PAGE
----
Glaciologists have long feared that some Antarctic glaciers have “tipping points” outside of which it would be almost impossible to reverse their collapse.
Evidence in specific cases has hardened, but now a team says they have confirmed the Pine Island Glacier, one of the biggest threats to global sea levels, and we are moving frighteningly close. Tipping points probably represent the biggest source of uncertainty in climate research. Until one reached, a system can move to one side as global temperatures warm up, but the opposite can be expected if we cool down. In some cases, however, once a threshold is crossed, even a substantial decrease in temperature may not restore the previous situation.
For some of the larger parts of the climate puzzle, we know that there are tipping points here, although we are generally less sure how close we are to overcoming them. For others, it is unclear whether these thresholds exist at all. Until now, the Pine Island Glacier in West Antarctica was one of the latter, but Dr. Sebastian Rosier of the University of Northumbria claims that this question has been resolved.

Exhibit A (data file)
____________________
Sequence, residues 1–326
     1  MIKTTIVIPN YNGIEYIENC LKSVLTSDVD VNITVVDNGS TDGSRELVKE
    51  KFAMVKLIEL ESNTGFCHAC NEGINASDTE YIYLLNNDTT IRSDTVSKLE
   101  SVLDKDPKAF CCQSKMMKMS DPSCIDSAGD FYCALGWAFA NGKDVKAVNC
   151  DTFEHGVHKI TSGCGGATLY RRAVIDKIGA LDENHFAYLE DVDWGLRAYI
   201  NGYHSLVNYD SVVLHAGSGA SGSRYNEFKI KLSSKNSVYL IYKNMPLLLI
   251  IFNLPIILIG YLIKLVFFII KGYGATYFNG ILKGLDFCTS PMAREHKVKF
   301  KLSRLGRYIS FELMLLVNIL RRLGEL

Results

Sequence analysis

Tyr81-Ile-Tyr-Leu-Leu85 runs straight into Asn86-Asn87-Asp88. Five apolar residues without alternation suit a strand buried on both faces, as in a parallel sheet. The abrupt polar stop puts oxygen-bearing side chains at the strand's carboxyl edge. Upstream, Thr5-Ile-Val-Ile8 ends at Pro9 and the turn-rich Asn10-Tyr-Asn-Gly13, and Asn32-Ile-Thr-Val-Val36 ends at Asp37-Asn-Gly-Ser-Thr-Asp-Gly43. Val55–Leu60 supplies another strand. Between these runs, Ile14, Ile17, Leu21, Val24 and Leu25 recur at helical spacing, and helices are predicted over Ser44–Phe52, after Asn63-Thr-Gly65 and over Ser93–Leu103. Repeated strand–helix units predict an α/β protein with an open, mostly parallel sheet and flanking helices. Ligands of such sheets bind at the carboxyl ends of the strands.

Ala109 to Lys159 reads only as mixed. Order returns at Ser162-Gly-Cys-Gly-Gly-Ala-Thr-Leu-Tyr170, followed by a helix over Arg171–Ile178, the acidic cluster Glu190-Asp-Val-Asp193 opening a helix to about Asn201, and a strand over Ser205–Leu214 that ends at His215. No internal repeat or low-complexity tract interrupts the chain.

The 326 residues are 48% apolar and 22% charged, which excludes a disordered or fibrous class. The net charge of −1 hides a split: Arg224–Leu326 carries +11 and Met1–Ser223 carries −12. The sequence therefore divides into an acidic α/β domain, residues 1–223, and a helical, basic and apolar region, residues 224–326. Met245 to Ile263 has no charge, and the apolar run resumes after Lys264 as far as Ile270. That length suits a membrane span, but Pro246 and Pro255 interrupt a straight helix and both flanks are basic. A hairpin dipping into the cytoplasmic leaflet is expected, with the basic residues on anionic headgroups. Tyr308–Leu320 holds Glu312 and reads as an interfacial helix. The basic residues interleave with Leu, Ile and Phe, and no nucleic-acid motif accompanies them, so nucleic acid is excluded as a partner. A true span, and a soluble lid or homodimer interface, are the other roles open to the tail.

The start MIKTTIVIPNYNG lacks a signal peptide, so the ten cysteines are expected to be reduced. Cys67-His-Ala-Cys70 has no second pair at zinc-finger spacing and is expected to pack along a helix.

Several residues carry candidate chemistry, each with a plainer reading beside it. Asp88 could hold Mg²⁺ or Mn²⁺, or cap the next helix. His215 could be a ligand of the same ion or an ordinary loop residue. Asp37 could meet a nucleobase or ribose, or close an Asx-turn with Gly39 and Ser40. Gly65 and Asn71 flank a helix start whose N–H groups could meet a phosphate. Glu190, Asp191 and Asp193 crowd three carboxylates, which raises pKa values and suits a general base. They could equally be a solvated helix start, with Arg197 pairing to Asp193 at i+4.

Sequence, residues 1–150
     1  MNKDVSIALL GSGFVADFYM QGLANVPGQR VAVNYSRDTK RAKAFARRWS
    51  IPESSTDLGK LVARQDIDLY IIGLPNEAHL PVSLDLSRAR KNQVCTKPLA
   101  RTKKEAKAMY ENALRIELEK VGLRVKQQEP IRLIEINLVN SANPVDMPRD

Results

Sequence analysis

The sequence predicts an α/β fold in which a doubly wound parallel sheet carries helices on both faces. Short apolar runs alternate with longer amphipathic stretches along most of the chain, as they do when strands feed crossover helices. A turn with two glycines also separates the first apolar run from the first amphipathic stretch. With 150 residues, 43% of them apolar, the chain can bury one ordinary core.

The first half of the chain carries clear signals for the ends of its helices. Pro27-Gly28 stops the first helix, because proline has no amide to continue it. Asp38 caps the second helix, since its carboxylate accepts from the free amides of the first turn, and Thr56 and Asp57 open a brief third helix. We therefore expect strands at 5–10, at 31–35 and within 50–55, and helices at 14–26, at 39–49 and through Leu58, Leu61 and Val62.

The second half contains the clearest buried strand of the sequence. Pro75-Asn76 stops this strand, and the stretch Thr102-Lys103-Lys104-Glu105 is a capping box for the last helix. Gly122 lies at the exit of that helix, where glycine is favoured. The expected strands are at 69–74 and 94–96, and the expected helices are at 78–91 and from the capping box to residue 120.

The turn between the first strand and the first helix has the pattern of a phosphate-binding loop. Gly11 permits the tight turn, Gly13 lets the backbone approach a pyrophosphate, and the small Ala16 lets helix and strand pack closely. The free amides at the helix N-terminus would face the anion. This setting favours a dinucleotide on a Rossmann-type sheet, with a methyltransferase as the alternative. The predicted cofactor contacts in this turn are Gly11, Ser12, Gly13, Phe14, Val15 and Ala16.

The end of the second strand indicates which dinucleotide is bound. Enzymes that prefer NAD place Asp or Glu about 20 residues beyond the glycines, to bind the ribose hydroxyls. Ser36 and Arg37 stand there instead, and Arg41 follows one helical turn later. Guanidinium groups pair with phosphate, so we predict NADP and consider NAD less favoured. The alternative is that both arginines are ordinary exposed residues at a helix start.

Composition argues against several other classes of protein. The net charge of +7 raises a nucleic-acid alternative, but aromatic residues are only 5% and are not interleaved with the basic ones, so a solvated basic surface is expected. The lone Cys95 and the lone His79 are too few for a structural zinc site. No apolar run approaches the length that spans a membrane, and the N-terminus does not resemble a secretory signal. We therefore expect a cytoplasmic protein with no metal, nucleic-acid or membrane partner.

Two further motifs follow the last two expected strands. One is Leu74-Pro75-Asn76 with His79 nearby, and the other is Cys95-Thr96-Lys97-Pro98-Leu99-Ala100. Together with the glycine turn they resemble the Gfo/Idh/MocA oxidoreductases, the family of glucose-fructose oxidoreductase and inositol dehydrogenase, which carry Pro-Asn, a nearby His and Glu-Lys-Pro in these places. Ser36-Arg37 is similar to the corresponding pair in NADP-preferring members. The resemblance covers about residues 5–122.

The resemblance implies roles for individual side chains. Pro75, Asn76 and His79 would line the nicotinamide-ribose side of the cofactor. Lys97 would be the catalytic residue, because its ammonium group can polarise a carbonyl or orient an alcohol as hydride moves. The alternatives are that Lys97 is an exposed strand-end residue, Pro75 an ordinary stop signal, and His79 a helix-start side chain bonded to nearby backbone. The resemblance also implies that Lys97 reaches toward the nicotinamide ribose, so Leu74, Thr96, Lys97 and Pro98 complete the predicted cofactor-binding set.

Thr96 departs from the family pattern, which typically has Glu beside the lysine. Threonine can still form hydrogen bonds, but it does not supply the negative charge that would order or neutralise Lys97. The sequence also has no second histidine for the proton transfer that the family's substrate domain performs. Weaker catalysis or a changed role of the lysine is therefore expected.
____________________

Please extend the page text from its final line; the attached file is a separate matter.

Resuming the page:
Indeed, Rosier argument in the Cyrosphere is that this mighty river of ice has three tipping points, but this is the last thing that matters. Whether there are any tipping points in the glacier depends on the size of the region in which it sits. By definition, the challenge is to determine if the underlying rock buried beneath a large amount of ice. Even once the transformations known, scientists need to model what will happen as the ice retreats, releasing new elements into seawater, causing fresh melting and creating a vicious circle.
Rosier said in a statement, “Simulations of various computers around the world are trying to prove how the changing climate can affect the West Antarctic ice sheet, but in these models the retreat is a matter of time to determine whether there is a final issue.”
“However, this is an important question and the methodology we use in this new study has made it easier to identify potential future tipping points.” Once passed, the first two tipping points, the papers report, will melt the middle regions of the glacier despite the temperature rise stopping. Third, however, “The whole of this glacier is moving backward, which could start the fall of the West Antarctic ice sheet.”